Ancient air trapped inside bubbles in ice cores can now be analysed for methane concentration utilising a laser spectrometer coupled to a continuous melter system. We present a new ultra-high resolution record of atmospheric methane variability over the last 1800yr obtained from continuous analysis of a shallow ice core from the North Greenland Eemian project (NEEM-2011-S1) during a 4-week laboratory-based measurement campaign. Our record faithfully replicates the form and amplitudes of multi-decadal oscillations previously observed in other ice cores and demonstrates the detailed depth resolution (5.3cm), rapid acquisition time (30mday) and good long-term reproducibility (2.6%, 2s) of the continuous measurement technique.In addition, we report the detection of high frequency ice core methane signals of non-atmospheric origin. Firstly, measurements of air from the firn-ice transition region and an interval of ice core dating from 1546-1560 AD (gas age) resolve apparently quasi-annual scale methane oscillations. Traditional gas chromatography measurements on discrete ice samples confirm these signals and indicate peak-to-peak amplitudes of ca. 22 parts per billion (ppb). We hypothesise that these oscillations result from staggered bubble close-off between seasonal layers of contrasting density during time periods of sustained multi-year atmospheric methane change. Secondly, we report the detection of abrupt (20-100. cm depth interval), high amplitude (35-80. ppb excess) methane spikes in the NEEM ice that are reproduced by discrete measurements. We show for the first time that methane spikes present in thin and infrequent layers in polar, glacial ice are accompanied by elevated concentrations of carbon- and nitrogen-based chemical impurities, and suggest that biological in-situ production may be responsible.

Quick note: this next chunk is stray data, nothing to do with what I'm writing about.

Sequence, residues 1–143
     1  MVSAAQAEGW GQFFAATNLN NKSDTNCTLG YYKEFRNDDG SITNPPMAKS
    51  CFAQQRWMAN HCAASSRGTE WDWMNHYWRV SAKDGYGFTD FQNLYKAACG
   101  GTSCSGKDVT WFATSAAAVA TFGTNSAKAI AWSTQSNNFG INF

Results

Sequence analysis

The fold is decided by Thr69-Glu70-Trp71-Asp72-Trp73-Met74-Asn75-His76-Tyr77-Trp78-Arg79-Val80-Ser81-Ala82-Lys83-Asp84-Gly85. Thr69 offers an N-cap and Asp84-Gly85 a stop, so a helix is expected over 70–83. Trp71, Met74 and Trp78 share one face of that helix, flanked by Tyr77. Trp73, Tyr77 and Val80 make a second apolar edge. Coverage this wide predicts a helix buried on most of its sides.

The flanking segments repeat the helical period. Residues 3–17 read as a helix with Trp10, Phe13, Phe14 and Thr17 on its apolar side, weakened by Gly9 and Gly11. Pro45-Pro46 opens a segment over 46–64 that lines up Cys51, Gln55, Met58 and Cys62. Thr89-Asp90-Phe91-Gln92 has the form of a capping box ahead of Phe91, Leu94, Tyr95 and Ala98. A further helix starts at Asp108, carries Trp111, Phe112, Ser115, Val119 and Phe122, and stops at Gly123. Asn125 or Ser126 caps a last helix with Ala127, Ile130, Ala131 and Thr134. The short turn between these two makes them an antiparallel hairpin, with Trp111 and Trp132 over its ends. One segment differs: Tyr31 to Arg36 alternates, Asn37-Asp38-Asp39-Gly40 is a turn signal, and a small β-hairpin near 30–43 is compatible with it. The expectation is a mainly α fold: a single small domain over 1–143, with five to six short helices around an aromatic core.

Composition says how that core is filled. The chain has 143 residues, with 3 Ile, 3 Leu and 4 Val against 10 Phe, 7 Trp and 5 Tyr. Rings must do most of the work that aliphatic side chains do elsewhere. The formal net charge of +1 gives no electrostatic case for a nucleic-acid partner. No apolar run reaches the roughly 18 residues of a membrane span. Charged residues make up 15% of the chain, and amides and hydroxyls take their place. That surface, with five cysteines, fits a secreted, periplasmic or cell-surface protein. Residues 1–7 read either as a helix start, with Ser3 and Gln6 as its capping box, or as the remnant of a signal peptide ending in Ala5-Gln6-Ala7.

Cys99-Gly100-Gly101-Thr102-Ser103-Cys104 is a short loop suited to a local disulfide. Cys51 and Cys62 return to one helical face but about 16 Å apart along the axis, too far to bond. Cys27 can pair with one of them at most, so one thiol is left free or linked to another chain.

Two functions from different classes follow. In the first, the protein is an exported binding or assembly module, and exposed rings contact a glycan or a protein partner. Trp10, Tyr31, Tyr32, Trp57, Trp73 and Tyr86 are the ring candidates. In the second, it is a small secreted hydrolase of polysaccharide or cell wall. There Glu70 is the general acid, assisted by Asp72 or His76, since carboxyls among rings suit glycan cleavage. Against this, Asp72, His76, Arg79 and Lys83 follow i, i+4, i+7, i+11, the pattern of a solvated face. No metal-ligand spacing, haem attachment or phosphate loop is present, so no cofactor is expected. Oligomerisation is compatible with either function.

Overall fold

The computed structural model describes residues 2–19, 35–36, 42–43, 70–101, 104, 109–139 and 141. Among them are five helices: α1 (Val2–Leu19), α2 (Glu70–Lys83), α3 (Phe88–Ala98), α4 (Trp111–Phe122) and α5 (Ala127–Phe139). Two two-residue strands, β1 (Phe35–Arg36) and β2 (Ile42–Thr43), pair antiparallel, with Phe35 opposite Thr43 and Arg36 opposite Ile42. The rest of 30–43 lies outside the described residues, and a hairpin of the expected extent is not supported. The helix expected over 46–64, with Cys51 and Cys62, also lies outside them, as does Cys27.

Earth and Planetary Science Letters, 2013, Vol 368, p. 9-19